As a University Research Professor of Psychology, Biology and Ocean Sciences at Memorial University of Newfoundland, I engage a long-term interdisciplinary ecosystem research program focused on the behavioural ecology of marine and terrestrial birds. Students, post-doctoral fellows and assistants...
As a University Research Professor of Psychology, Biology and Ocean Sciences at Memorial University of Newfoundland, I engage a long-term interdisciplinary ecosystem research program focused on the behavioural ecology of marine and terrestrial birds. Students, post-doctoral fellows and assistants working in my lab focus our research studies on environmental influences on animal behaviour and ecology. We explore multi-species interactions in dynamic Low Arctic and Boreal ecosystems and assess the use of animal responses as indicators of prey and ecosystem conditions. We collaborate with oceanographers, fisheries research scientists and seabird biologists from across Canada, the USA, Europe, Australia and Africa. Our research is conservation-oriented in perspective and activity and is supported by the Natural Sciences and Engineering Research Council of Canada and Fisheries and Oceans Canada.
Current research projects use micro-chip GPS and physical data loggers attached to free-ranging marine birds to study their foraging tactics and migratory ecology. Decadal studies of the dietary variability of seabirds are relate to changing oceanographic and prey conditions. A large scale interdisciplinary NSERC Strategic Research Project in collaboration with the University of Manitoba, Fisheries and Oceans Canada and Newfoundland fishers is directed at the ecology of capelin, the primary forage fish of large vertebrate predators in the Northwest Atlantic.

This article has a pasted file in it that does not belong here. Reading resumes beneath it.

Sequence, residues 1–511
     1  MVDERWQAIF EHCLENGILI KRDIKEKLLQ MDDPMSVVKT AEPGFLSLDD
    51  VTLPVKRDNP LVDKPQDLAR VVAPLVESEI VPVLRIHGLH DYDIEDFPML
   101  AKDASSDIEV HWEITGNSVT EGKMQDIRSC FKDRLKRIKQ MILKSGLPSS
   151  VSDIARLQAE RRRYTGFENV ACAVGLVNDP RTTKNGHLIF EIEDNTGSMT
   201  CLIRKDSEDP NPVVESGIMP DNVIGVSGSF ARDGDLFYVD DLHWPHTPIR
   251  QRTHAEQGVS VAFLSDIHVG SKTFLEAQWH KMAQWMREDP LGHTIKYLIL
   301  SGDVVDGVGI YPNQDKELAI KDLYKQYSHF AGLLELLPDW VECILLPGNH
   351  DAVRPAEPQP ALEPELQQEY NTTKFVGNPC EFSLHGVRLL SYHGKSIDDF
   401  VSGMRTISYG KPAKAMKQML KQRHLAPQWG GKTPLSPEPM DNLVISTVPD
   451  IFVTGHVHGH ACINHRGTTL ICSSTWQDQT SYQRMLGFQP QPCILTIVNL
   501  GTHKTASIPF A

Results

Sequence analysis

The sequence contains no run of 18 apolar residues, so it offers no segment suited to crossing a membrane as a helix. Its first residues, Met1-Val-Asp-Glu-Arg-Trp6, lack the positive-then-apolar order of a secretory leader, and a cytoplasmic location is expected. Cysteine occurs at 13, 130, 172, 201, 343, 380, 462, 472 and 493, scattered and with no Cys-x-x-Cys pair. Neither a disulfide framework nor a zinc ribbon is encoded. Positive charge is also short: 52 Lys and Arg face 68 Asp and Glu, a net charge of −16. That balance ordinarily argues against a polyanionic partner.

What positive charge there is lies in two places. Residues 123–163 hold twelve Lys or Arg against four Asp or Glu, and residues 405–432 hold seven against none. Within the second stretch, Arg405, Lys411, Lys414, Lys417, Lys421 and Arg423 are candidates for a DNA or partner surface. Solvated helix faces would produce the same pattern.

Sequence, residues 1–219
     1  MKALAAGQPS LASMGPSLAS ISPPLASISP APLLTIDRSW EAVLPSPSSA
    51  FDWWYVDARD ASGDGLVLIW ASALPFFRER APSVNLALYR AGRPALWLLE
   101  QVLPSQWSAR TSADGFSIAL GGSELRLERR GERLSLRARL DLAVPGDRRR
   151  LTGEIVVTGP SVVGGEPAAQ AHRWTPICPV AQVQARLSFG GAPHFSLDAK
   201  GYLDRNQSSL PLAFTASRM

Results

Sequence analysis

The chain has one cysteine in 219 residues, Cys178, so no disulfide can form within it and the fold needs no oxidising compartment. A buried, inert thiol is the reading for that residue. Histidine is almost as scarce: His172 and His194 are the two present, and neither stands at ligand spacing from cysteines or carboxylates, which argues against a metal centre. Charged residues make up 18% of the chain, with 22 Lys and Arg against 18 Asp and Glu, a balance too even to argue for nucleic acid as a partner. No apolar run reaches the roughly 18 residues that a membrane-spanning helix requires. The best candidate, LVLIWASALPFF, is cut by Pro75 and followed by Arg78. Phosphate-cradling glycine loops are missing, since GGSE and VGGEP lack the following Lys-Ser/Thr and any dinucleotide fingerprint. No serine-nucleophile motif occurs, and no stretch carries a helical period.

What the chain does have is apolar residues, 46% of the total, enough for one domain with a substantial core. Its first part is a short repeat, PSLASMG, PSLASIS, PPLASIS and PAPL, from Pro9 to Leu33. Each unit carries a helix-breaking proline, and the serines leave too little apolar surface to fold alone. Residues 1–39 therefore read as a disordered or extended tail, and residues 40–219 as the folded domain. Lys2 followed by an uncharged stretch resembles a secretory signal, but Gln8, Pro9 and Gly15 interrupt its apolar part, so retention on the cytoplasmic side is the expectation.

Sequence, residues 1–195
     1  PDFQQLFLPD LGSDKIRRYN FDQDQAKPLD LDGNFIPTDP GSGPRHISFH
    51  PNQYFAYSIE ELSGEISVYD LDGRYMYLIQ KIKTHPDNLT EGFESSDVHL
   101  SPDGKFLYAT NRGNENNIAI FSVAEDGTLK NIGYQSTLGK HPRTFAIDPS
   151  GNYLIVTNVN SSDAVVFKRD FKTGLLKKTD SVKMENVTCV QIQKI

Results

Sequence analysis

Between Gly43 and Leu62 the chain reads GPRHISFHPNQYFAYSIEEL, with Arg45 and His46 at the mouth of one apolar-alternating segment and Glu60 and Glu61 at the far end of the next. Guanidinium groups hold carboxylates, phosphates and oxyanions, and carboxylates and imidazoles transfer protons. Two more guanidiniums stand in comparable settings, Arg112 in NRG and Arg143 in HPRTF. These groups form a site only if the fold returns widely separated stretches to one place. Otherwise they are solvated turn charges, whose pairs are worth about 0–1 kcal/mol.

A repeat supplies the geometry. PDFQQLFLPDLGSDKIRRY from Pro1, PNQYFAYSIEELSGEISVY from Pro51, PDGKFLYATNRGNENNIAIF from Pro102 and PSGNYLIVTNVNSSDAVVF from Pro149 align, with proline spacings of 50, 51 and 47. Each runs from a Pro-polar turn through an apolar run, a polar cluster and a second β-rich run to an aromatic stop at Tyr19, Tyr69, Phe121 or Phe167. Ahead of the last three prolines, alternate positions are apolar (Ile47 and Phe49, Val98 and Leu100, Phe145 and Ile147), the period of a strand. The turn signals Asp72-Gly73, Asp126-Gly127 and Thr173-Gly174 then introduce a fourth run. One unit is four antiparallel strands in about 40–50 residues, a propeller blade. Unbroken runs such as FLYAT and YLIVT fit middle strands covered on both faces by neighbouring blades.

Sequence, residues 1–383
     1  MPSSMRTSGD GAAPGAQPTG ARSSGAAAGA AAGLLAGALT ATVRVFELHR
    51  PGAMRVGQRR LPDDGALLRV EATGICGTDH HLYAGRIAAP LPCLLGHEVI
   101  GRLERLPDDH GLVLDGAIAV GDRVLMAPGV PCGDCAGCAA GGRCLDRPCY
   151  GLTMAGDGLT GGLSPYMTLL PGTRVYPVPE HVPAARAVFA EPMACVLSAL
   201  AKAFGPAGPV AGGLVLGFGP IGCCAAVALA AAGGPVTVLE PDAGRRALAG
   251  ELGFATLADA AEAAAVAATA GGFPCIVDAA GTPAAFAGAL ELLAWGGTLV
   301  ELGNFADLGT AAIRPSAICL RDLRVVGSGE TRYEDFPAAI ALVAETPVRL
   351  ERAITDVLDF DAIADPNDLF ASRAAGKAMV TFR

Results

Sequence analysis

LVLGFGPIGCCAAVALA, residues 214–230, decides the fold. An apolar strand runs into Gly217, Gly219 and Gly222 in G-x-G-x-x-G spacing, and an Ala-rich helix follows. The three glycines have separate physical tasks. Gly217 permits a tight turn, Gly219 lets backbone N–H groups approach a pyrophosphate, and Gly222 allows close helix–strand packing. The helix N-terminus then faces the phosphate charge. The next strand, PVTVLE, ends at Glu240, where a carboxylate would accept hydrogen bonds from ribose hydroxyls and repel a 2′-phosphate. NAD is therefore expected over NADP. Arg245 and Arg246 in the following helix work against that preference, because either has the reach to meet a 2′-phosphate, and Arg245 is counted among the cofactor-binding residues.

Much of this research is carried out on and around Funk Island Ecological Reserve, the site of the Common Murre's largest colony, a large Northern Gannet colony, and the largest colony of Northern Fulmars in Atlantic Canada. Funk Island is also the site of the largest known colony of the extinct Great Auk.
We also work directly with fishers and hunters to study animal behaviour and ecology and to engage conservation activity. A substantial research effort is directed at effects of oil pollution on seabirds in the NW Atlantic. We engage in vessel surveys to offshore platforms and survey coastal beaches for seabird distributions and carcasses associated with illegal oildischarges and spills.